Against the Nets, for the second game in a row, Kobe has a slow first half (1 of 8 from the field) and the entire offense sputters to just 28 points. He carries the load in the second half, the team scores more, Kobe gets noticed for his 46, and the Lakers force overtime (although as a team they still shot just 36.7% eFG%, a level that will win very few games).

I’m working on a longer, more detailed post about the Laker offense, but here’s the bottom line: Until the above scenario changes — until someone else can become a consistent scoring threat besides #8 — we are going to see a lot more games like last night. The Lakers are going to hang in games then hope Kobe is enough in the end no matter how many people are guarding him. That’s the recipe for an up and down season.

• Saw two good movies over the weekend: Walk the Line and the new Harry Potter (to maintain any shred of credibility I may have left on a sports blog after that admission, let me note that my wife is a huge fan of the Potter series so she dragged me to the theater — I had no choice). Joaquin Phoenix deserves the Oscar for his portrayal of Cash and that movie made me dig through my old cassette tape collection (remember those) and find my Live at Folsom Prison recording. Just classic stuff, and that coming from a guy who can’t stand “country music.”

• How do you grab 23 offensive rebounds and still shoot below 40% — and lose? Ask the Lakers.

• I thought the plan was to back off the pressure defense out top against the better point leagues, for example, Jason Kidd. How many times did he burn Smush? And those errors seemed to get Smush angry so he tried to prove his manhood and got in Kidd’s face more. How’d that work out for you? That was Smush’s worst game, by far.

• On the other hand Sasha was a +22 last night. His numbers weren’t impressive, but defensively he just tried to limit Kidd rather than get in his face.

• I will give Smush this, I love that he’s named his new SUV the “Smushcalade.” (Actually, the car is Devean George’s.)

• Good to see Luke Walton back, that should help the offensive flow some. I hope.

• Kevin Pelton, want to come down to LA and watch the Fiesta Bowl with me? I’ll buy the beer.

On Tap: The New Jersey Nets

Kurt —  November 25, 2005

I’m out of town for the weekend, going out to Palm Desert and hoisting a pint or two in honor of the passing of George Best (yes, that’s a bit ironic, but don’t you think it’s what he would want?). I’ll be back Monday.

This years version of the Nets reminds me of last season’s version of the Lakers: They score a lot of points but can’t stop anyone from scoring on them.

The Nets come into Staples Center Sunday night with the fifth best offense in the league with a rating of 110 (points per 100 possessions), but with a defensive rating of 109.5, fifth worst in the league. That gives them a “rating differential” of +0.5, which is pretty average and the reason they are hanging around .500. (In case you’re wondering, the Lakers rating differential is -0.1, also pretty average.)

The Lakers just came off a win against another bad defensive team, Seattle. That was an interesting game offensively, as Kobe set up teammates early then had to sit due to fouls (from chasing Ray Allen around screens), forcing Lamar Odom into the role as primary scorer and he responded with 23 points. Brian Cook and Smush also had nice offensive games, and Mihm took advantage of the weak centers for the Sonics early (until Reggie Evans entered the game, anyway).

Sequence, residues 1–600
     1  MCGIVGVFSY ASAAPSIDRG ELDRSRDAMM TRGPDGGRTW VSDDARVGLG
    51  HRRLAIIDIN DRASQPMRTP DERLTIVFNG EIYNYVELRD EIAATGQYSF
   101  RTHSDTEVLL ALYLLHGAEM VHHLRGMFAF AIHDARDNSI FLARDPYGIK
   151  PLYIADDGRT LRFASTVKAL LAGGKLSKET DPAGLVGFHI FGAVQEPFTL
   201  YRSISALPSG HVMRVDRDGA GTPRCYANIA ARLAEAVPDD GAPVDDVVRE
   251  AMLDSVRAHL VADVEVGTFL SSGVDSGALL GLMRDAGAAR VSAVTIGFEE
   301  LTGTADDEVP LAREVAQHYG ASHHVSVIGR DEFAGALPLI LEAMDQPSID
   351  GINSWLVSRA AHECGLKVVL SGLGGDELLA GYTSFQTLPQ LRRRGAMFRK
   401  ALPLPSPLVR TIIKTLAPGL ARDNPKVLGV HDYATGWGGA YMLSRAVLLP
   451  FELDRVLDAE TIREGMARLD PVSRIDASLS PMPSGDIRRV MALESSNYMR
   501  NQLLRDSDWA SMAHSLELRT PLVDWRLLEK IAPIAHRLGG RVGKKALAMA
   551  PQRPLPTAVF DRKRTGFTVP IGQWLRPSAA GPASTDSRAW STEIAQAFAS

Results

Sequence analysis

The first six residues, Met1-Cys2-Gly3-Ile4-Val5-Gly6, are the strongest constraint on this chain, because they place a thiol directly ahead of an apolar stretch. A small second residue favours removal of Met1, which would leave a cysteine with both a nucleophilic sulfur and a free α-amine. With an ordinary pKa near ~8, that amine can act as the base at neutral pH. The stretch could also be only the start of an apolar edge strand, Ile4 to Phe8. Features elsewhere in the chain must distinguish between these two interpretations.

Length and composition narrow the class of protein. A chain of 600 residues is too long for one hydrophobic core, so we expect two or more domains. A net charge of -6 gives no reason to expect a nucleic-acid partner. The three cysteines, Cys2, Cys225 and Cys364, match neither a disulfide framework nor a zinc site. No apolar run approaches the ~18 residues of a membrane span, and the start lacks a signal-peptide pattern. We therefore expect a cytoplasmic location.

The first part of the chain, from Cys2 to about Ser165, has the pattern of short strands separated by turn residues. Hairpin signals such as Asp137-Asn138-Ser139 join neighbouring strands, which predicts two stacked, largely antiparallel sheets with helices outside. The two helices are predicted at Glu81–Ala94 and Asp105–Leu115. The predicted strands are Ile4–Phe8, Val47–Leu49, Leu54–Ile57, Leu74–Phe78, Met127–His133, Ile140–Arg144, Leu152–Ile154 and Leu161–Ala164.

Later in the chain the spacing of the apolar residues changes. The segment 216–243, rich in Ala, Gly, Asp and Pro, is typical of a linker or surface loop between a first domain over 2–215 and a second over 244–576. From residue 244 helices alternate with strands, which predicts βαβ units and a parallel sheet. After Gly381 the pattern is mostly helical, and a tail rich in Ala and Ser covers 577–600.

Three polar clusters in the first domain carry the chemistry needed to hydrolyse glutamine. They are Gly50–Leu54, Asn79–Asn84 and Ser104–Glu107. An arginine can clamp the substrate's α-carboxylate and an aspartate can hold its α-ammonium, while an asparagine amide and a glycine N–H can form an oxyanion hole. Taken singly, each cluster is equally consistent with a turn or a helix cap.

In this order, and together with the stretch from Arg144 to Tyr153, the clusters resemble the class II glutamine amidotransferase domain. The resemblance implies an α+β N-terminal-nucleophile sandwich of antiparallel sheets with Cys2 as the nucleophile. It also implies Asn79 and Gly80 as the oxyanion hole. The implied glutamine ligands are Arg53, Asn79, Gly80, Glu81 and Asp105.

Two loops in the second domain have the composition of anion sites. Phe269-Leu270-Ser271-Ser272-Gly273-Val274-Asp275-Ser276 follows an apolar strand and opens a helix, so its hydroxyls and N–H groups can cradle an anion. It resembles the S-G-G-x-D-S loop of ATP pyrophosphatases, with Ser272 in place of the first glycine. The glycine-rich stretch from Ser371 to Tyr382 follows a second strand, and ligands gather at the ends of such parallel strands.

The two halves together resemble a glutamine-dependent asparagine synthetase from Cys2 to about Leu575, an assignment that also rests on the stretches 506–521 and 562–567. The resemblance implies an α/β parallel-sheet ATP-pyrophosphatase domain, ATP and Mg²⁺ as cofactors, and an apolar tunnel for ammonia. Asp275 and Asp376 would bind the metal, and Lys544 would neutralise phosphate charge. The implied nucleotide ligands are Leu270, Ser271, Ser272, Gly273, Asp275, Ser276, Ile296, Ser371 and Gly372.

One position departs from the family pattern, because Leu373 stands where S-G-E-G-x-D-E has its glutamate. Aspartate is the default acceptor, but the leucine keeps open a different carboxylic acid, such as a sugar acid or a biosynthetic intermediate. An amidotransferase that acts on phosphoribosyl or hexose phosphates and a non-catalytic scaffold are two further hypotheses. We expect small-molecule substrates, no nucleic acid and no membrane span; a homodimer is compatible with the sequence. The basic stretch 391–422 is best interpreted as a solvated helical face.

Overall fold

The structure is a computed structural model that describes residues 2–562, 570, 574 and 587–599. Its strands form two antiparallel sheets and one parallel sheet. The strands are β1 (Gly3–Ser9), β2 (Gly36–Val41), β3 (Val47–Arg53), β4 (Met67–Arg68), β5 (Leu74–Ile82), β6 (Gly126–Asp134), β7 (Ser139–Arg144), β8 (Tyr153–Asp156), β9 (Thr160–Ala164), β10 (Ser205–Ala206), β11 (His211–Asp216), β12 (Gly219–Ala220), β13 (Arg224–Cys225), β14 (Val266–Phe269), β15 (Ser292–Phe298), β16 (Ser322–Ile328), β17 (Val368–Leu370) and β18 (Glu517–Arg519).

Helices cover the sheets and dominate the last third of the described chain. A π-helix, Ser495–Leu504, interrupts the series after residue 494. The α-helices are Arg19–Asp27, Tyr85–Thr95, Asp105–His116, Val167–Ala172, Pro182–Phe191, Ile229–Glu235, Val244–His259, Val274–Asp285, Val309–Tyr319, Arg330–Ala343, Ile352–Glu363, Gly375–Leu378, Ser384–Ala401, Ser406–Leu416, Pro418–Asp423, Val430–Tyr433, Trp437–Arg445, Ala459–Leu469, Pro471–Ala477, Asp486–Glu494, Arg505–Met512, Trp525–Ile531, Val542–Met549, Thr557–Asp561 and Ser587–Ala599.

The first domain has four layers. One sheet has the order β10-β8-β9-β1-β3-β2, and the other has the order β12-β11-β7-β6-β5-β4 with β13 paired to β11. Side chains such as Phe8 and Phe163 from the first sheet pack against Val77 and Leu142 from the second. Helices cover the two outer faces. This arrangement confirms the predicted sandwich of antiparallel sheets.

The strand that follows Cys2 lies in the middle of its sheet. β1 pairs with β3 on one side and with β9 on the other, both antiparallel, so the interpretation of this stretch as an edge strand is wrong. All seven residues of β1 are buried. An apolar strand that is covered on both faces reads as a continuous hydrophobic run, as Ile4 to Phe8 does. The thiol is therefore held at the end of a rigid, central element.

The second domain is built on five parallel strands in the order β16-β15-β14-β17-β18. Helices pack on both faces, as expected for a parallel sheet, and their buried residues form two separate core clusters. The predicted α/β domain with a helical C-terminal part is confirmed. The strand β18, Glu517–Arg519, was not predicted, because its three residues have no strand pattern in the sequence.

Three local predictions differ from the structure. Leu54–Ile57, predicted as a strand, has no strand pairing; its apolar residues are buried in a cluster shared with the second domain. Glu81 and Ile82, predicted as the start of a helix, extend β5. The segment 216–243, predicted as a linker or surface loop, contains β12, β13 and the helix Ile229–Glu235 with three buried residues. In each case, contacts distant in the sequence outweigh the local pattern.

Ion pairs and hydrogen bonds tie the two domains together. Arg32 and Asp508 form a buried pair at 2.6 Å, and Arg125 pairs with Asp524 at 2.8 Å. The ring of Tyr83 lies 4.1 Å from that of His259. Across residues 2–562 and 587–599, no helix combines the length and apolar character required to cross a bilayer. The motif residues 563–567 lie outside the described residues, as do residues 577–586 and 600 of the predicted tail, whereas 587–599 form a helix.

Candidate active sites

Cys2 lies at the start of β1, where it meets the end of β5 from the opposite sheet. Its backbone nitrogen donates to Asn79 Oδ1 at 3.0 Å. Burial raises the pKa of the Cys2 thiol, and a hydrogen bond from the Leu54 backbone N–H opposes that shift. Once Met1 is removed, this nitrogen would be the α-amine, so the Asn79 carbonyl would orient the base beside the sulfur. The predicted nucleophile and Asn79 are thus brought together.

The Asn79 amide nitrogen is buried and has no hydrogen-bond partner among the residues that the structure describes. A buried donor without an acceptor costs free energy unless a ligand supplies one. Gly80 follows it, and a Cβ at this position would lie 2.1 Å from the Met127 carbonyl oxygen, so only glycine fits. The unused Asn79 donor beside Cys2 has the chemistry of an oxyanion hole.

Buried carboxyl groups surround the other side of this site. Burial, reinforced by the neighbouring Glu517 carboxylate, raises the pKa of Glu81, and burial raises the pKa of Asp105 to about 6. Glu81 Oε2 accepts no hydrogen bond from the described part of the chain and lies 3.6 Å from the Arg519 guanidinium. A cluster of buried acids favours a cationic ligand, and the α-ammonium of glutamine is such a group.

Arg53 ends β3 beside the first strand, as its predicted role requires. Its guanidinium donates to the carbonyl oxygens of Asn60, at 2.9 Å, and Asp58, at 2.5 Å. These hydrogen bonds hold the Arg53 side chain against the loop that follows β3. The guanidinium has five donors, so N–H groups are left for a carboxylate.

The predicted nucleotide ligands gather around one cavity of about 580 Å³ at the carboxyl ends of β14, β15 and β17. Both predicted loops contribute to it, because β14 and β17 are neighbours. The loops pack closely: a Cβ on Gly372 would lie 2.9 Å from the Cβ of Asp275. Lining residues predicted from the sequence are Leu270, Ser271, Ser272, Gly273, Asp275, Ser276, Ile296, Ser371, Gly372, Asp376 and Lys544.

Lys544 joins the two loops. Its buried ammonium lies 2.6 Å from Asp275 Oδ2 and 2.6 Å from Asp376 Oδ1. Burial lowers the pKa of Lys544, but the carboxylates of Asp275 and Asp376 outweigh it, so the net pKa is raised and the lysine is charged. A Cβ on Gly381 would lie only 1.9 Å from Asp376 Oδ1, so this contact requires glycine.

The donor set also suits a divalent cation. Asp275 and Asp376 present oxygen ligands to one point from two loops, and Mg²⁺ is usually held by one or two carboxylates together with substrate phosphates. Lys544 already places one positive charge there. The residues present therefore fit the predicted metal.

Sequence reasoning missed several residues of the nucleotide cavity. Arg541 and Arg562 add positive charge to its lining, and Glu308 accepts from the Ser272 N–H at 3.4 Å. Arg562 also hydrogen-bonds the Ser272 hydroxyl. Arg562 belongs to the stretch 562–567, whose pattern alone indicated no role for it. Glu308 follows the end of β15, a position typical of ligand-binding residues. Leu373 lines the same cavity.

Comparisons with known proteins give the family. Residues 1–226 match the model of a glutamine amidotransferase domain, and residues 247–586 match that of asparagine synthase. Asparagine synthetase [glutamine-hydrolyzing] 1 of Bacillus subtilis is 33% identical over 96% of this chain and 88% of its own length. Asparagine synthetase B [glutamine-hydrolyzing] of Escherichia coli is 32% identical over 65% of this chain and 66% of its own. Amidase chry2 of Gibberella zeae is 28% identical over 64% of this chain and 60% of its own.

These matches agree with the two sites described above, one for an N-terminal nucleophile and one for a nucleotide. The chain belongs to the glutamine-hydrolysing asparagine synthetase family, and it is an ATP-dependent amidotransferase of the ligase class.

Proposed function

That was the good news, the bad news remains that without Kobe taking charge the Lakers are weak offensively and they were down eight points at the half. In the second half Kobe took charge, Odom stood around again and watched him, and the Lakers won handily. The Laker offense is in a Catch-22 right now.

The Nets enter Staples Center with an impressive line up of names: Jason Kidd at the point, Vince Carter at the two and Richard Jefferson at the three. Jefferson and Carter handle most of the scoring (24.3 and 20.1 points per 40 minutes played, respectively). While Carter is now and always has been a scoring machine (and is using the most possessions on the team by a wide margin), Jefferson has a well-rounded game — he is pulling down 9.2 rebounds (13.6% of the available boards) and is dishing out 4.2 assists per 40 minutes while shooting 50.5% (efG%). Kidd is still Kidd, getting 7.5 assists per 40 minutes with just 1.5 turnovers.

One thing to look for — the Nets get to the free throw line a lot. Carter is averaging 6.1 free throws attempted per 40 minutes and Jefferson is at 8.8. The Lakers, with their injury-depleted bench, need to be sure not to get into foul trouble against New Jersey.

By the way, don’t laugh because the Nets are starting someone named Nenad Krstic at center (well, okay you can laugh at the name Nenad). The guy as a PER of 18 so far this season and has been solid on the defensive end.

Where New Jersey is weak defensively has been on the perimeter, where Kidd is not that fast anymore and Carter hasn’t cared about defense since the sixth grade (but he can play it well when he wants to). Jefferson has been a good defender for his career but the three is where the Nets have been weakest statistically this season.

The Nets let teams shoot well (48.9% eFG%), don’t create a lot of turnovers (16% of opponent possessions, 24th in the league) and they foul a lot (26th in the league in opponent free throws made per 100 possessions). All of which leads to other teams scoring a lot of points.

Which is what the Lakers are going to have to do to win — the question is will it be all Kobe or are other players going to pitch in enough to get the victory (like against Seattle)? The Nets may have been preseason favorites in the Atlantic, they may have some big names, but this is a winnable game for the Lakers. At home, this is the kind of games teams going to the playoffs do win.